Environmental Biology of Fishes

, Volume 102, Issue 12, pp 1499–1517 | Cite as

Age, growth, and maturation of the Finetooth Shark, Carcharhinus isodon, in the Western North Atlantic Ocean

  • Elizabeth A. VinyardEmail author
  • Bryan S. Frazier
  • J. Marcus Drymon
  • James J. Gelsleichter
  • Walter J. Bubley


Many elasmobranchs display K-selected life history characteristics, making species-specific life history parameters critical to development of the most accurate stock assessment models. Age, growth, and maturity were examined for Finetooth Sharks, Carcharhinus isodon, in coastal waters of the Western North Atlantic Ocean (WNA) from Winyah Bay, South Carolina to Cape Canaveral, Florida. Ages were estimated from the vertebrae of 200 males and 232 females. The maximum observed age for males and females was 21.9 years and 22.3 years, respectively. Sizes ranged from 376 mm to 1174 mm fork length (FL) for males and 380 mm to 1282 mm FL for females. Significant differences were detected between the sexes necessitating sex-specific von Bertalanffy growth models yielding the following parameters: male, L = 1140 mm FL, k = 0.29, L0 = 460 mm FL; female, L = 1253 mm FL, k = 0.20, L0 = 464 mm FL. Median length (L50) at maturity was 1010 mm FL for males and 1043 mm FL for females corresponding to an age at median maturity (A50) of 6.6 years and 6.8 years, respectively. Significant differences in growth and maturity were detected between the current study and previously published parameters for the WNA and Gulf of Mexico (GOM). Observed differences in the WNA were driven by ageing methods, with current methods yielding significant differences in age estimates between studies. Results from the current study, in conjunction with previously published reproductive, tag-recapture and genetic studies, provide support for separate stocks between the WNA and GOM.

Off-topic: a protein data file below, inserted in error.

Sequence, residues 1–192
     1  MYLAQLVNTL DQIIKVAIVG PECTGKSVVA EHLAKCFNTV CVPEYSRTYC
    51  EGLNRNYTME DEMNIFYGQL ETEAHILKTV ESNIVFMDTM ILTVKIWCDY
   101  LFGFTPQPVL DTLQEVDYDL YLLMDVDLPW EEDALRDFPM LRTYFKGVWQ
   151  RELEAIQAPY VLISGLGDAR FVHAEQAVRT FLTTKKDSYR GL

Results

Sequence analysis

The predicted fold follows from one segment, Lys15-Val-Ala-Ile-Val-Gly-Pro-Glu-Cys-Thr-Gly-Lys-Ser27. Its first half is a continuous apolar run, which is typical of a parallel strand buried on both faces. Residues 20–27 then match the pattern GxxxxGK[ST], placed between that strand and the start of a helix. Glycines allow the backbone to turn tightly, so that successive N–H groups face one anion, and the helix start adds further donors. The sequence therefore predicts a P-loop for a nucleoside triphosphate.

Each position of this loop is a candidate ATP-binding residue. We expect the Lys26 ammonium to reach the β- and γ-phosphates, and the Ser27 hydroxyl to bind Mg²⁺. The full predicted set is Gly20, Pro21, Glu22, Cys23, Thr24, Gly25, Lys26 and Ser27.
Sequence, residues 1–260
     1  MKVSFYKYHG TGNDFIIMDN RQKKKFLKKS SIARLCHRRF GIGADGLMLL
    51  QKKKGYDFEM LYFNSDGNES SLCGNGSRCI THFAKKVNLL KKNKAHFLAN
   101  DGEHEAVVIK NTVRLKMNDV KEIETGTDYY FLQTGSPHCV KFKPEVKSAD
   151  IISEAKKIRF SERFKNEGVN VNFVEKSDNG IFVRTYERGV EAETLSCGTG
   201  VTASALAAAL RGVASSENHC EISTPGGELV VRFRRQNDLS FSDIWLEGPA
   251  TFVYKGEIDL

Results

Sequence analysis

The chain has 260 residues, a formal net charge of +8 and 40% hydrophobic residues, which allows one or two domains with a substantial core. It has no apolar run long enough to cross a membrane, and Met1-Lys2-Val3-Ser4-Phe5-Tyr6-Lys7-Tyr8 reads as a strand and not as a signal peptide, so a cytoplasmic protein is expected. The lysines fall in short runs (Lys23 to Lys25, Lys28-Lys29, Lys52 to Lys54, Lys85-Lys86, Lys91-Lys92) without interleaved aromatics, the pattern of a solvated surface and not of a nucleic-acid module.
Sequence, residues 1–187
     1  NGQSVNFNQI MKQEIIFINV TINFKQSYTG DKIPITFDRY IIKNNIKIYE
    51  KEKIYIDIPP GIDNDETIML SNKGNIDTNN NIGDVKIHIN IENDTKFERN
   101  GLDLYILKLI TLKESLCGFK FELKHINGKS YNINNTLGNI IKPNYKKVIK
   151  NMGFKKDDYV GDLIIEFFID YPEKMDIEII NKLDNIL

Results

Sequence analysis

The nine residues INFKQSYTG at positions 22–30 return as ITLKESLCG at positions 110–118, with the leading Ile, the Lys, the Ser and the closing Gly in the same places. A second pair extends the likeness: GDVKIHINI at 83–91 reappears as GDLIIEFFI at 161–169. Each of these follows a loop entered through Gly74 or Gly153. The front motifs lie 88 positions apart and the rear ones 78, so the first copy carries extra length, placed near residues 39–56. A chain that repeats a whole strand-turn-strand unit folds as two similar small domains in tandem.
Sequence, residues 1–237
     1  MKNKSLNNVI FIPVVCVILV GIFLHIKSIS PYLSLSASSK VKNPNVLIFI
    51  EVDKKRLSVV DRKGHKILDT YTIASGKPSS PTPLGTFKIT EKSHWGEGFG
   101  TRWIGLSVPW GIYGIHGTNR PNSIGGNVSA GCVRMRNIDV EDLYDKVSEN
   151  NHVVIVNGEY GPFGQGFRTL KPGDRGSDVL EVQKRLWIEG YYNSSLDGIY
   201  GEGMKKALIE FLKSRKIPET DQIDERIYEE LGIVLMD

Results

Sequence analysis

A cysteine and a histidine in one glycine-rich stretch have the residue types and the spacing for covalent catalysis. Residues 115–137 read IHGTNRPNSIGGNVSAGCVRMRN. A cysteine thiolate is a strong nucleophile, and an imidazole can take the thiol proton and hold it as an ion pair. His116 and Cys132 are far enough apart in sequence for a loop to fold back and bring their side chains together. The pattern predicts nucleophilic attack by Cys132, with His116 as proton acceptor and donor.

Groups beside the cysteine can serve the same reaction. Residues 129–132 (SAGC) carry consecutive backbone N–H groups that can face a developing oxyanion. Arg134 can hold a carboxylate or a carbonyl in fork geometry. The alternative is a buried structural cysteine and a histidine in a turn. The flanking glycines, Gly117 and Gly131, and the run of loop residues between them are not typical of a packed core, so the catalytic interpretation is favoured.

Longevity Life history Elasmobranch Carcharhinidae Small coastal shark 



The authors would like to thank the Inshore Fisheries section with the South Carolina Department of Natural Resources for assistance in specimen collection and use of lab and freezer space, and J. Ballenger for his expertise in generating our GIS map. A. Shaw has been invaluable for her assistance with specimen collection and data management. We appreciate the University of North Florida Shark Lab students for collection of specimens during the overwintering period. This study was conducted as part of the Master’s in Marine Biology program at the University of Charleston, South Carolina, and we thank committee members W. Roumillat and G. Sancho as well as director C. Plante and dean A. McCandless for their support. Funding for this study was provided by The Cooperative Atlantic States Shark Pupping and Nursery Habitat Survey (COASTSPAN), the Southeast Area Monitoring and Assessment Program (SEAMAP) and National Marine Fisheries Service (NMFS) Cooperative Research Grant #NA12NMF4540080. We appreciate the guidance of two anonymous reviewers who greatly improved the manuscript. This is contribution number 536 from the Grice Marine Laboratory, University of Charleston, South Carolina and contribution number 815 from the SCDNR Marine Resources Research Institute.

Compliance with ethical standards

Conflict of interest

The authors declare that they have no conflict of interest.

Ethical statement

Specimens were collected following protocols outlined in Institutional Animal Care and Use Committee permit IACUC-2014-015 or under SCDNR scientific collection permit.


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Copyright information

© Springer Nature B.V. 2019

Authors and Affiliations

  1. 1.South Carolina Department of Natural ResourcesMarine Resources Research InstituteCharlestonUSA
  2. 2.Coastal Research and Extension CenterMississippi State UniversityBiloxiUSA
  3. 3.The University of North FloridaJacksonvilleUSA

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